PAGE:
The business aviation market appears to be recovering from the economic downturn, propelled by increased sales in Asia and Africa, according to Jahid Fazal-Karim, co-owner of Jetcraft Corporation, and former senior vice president of worldwide sales for Bombardier. However, signs of continued economic instability in parts of Europe could have “a serious effect” on the Western markets.
Sales of long-range business jets, in particular, have increased–approximately 15 percent in Asia over the last year, Fazal-Karim told AIN, adding that the market in mainland China has been “extremely active.” Demand has also increased in Russia, where the industry was “all but dead” in 2009. “The Asian market in general is pretty good, especially for aircraft on the higher end of the market,” he added. “They need the range.”
In addition, the increase in sales within the Indian market has been in the double digits, while the Middle East remains steady, in spite of the crisis in Dubai. “Countries such as Kuwait and Saudi Arabia are stable,” Fazal-Karim said.
Africa, meanwhile, is beginning to show signs of increased activity because of oil production in countries such as Nigeria. “No one should ignore Africa,” said Fazal-Karim. “The continent has a lot of resources that haven’t been exploited yet, and the oil industry is creating a lot of wealth. It’s going to be the next El Dorado.”
The U.S. market, meanwhile, is in a transition phase and should start improving over the next year. “The U.S. is cleaning up its issues. Wall Street is making money again, and the Dow is almost back to 2007 levels,” he concluded.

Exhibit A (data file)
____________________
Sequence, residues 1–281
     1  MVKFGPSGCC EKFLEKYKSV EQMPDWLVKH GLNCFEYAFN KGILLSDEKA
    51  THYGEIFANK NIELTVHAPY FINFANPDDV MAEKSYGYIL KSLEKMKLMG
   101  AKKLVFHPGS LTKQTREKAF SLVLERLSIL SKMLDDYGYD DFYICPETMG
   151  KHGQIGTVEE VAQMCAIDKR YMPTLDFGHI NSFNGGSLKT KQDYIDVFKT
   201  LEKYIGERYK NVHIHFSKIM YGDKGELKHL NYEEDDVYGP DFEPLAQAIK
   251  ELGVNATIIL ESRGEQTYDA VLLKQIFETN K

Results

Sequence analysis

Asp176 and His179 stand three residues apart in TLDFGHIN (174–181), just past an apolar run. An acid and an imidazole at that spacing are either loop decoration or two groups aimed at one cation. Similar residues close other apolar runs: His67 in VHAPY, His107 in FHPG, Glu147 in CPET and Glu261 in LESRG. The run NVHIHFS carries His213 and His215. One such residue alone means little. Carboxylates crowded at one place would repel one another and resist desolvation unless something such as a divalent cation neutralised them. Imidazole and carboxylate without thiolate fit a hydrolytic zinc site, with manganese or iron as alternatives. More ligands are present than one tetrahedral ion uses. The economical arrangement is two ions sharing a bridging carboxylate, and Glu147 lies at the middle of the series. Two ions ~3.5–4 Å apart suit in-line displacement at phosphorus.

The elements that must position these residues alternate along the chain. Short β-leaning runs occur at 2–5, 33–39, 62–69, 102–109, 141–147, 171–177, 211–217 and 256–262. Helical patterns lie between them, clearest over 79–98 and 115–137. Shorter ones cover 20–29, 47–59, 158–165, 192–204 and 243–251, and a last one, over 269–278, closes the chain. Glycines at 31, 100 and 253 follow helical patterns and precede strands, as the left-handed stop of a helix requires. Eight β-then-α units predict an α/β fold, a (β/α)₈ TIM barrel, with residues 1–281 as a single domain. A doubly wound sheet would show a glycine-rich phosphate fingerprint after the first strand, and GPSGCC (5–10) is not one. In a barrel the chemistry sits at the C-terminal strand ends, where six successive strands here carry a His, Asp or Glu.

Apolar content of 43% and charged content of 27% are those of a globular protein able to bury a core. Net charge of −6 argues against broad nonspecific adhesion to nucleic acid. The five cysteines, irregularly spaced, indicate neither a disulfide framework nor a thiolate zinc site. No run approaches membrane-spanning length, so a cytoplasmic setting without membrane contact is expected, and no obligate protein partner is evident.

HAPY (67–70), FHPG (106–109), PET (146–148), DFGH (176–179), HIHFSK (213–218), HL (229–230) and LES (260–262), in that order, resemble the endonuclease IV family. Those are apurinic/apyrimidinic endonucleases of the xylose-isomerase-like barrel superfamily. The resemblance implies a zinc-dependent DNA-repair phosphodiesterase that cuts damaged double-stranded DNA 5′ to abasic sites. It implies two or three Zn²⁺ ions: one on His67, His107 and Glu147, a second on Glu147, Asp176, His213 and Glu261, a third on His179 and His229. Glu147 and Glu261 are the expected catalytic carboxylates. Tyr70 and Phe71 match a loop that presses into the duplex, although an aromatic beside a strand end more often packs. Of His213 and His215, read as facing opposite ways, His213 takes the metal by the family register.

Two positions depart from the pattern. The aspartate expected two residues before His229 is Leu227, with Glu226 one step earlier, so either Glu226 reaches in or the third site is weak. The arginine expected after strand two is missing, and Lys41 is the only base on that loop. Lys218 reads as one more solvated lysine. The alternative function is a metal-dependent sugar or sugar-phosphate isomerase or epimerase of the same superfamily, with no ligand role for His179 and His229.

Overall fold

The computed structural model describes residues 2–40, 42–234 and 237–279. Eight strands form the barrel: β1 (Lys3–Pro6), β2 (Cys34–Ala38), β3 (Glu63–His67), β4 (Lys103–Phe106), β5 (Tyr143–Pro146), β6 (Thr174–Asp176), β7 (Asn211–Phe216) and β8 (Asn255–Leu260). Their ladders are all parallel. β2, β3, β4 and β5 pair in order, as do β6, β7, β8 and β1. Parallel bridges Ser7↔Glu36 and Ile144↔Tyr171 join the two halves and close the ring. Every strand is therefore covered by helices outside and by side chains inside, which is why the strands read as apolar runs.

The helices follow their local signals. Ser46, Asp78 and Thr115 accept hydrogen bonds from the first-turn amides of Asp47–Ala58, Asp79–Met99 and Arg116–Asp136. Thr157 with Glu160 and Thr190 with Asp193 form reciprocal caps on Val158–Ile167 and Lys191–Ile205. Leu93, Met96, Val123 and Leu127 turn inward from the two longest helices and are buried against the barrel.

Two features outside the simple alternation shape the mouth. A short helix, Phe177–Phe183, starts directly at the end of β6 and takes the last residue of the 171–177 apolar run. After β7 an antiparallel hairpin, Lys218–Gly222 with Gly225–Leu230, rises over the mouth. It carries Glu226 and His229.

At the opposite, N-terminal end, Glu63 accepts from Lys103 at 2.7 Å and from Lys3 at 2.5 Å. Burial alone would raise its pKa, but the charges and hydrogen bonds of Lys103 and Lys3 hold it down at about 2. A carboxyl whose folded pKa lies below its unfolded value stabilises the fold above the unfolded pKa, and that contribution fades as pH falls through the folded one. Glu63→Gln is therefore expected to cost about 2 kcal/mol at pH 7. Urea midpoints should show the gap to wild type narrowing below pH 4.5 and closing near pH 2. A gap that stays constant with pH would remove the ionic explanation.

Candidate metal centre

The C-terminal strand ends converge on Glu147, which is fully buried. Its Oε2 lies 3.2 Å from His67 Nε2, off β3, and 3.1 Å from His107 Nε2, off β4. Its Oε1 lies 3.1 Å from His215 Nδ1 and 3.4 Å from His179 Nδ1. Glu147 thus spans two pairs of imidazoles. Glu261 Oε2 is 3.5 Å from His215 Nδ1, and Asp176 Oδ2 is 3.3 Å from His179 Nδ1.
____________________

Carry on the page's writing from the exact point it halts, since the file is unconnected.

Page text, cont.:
The U.S. is traditionally the best market for small and mid-size aircraft, but at the moment, the used market remains flooded, and prices have not recovered. “There are still a lot of bargains to be had,” Fazal-Karim said, adding that it’s going to take a while for the market, especially among the smaller aircraft, to recover.
The UK is also in a transition phase, but Fazal-Karim said he expects a much slower recovery due to the overall economic instability in Europe. “I’m worried about Europe, and we’re watching it very carefully,” he said. “Unemployment in Spain is at 20 percent, Portugal is in shambles, and Italy and Greece are in a crisis.
There is a real possibility of another recession in Europe, and if they go down, it’s going to have a serious effect.”
The UK might come through unscathed, however, due to its position as a financial center. “The financial sector is making money, and when bankers make money, they spend money,” Fazal-Karim said.